Chaconne (ballet)

Chaconne is a ballet made by New York City Ballet co-founder and ballet master George Balanchine to ballet music from Gluck's Orfeo ed Euridice (Vienna, 1762; Paris, 1774). The premiere took place Wednesday, 22 January 1976 at the New York State Theater, Lincoln Center, with lighting by Ronald Bates; Robert Irving conducted. Chaconne was danced in practice clothes at its premiere; Karinska's costumes were added in the spring season.

The finale to Orfeo ed Euridice is a chaconne, a dance form built on a short bass phrase and often used by 17th and 18th century opera composers to achieve a festive mood at the end. The choreography was first performed at the Hamburgische Staatsoper in their 1963 production of Orpheus und Eurydike and somewhat altered in Chaconne, especially that for the principal dancers. Balanchine added the pas de deux for Suzanne Farrell and Peter Martins to the 1976 ballet and the opening ensemble (to the 1774 Dance of the Blessed Spirits) for the Spring season.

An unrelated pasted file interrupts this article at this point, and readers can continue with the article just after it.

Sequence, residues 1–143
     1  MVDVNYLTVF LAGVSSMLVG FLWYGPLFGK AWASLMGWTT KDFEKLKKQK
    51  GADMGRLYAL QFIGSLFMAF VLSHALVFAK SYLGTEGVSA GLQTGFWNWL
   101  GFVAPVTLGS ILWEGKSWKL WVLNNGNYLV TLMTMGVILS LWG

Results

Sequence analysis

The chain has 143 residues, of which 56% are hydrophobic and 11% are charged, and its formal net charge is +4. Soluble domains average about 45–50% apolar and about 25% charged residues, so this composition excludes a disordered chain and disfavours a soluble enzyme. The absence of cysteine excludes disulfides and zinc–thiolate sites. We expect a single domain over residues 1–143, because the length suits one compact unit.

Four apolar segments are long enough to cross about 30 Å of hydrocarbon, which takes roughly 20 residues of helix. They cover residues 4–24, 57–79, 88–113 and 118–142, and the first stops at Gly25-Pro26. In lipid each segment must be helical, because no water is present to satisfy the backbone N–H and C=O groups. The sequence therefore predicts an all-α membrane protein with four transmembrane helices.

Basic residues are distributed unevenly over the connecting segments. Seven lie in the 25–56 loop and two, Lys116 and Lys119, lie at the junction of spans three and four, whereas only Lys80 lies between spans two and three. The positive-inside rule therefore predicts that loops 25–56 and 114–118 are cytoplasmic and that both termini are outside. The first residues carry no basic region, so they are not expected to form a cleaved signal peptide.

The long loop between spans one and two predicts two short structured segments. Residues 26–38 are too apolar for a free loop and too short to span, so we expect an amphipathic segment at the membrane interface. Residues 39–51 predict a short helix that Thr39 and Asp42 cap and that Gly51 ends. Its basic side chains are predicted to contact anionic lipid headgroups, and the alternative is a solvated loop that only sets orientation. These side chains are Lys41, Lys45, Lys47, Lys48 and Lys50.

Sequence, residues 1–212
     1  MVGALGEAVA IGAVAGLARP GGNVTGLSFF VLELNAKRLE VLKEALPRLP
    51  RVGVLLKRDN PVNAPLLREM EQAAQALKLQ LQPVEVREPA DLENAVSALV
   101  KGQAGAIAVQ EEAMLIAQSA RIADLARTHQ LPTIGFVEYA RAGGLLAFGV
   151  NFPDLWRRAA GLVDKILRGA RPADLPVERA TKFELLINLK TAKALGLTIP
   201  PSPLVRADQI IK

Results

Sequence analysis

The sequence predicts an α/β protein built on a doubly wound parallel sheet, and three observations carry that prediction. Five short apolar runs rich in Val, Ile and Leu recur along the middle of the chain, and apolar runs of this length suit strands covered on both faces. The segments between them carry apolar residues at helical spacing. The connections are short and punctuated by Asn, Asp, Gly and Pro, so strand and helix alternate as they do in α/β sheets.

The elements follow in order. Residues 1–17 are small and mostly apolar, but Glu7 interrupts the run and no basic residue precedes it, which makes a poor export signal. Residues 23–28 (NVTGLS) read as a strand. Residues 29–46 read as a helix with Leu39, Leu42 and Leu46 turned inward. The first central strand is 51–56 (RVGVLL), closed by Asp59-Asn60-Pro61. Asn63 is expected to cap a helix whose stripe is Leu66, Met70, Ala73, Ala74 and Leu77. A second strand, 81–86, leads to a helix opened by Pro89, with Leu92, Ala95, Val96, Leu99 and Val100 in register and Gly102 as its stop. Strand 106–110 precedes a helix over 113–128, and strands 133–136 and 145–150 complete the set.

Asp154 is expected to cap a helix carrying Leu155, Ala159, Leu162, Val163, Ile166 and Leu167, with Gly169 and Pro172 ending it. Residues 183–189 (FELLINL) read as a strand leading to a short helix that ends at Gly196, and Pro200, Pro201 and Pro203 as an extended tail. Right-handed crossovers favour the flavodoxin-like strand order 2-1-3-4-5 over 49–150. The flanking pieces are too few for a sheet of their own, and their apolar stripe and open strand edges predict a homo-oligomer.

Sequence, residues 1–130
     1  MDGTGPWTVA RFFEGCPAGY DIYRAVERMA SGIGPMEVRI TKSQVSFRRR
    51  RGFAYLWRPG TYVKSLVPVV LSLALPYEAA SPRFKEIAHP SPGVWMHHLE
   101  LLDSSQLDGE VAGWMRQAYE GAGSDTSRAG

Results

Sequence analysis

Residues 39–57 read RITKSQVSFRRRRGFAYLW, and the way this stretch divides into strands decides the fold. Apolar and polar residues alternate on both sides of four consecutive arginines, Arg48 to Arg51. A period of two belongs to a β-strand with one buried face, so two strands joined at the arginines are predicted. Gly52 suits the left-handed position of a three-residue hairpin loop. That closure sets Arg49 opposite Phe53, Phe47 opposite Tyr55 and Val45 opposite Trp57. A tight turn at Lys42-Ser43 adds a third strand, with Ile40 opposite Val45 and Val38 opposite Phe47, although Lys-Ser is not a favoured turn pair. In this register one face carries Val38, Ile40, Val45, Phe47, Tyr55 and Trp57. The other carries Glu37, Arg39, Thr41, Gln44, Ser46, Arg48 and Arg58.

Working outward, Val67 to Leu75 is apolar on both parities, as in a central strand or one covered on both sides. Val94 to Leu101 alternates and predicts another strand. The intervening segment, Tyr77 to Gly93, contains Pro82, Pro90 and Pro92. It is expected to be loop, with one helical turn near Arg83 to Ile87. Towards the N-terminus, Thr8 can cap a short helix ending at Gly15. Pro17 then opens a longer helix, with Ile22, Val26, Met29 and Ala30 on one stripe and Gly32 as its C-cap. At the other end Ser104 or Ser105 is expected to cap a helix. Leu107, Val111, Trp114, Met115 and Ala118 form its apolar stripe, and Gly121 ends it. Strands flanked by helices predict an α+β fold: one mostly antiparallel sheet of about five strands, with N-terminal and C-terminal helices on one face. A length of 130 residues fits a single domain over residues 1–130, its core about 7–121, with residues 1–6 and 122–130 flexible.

Balanchine's first Orpheus and Eurydice was made on the Metropolitan Opera in 1936; his approach, the singers remaining in the pit while the action was danced on stage, was not well received; the production had only two performances. He choreographed Orphée et Eurydice for the Théâtre National de l'Opéra, Paris in 1973 and Orfeo ed Euridice for the Chicago Lyric Opera in 1975 as well.

In 1773 Gluck wrote, "Always as simple and natural as I can make it, my music strives toward the utmost expressiveness and seeks to reinforce the meaning of the underlying poetry. It is for this reason that I do not use those trills, coloraturas, and cadences that Italians employ so abundantly."[1]



NYCB revivals

2009 Winter

2009 Winter tour

2009 Spring

2010 Spring

2010 Fall

first cast
second cast[2]


  • 1978 TFC, Peter Martins: A Dancer, pas de deux*

Videography / DVD


See also


  1. Harold Schonberg, The Lives of the Great Composers
  2. also Saturday, October 9th
  3. first time in rôle




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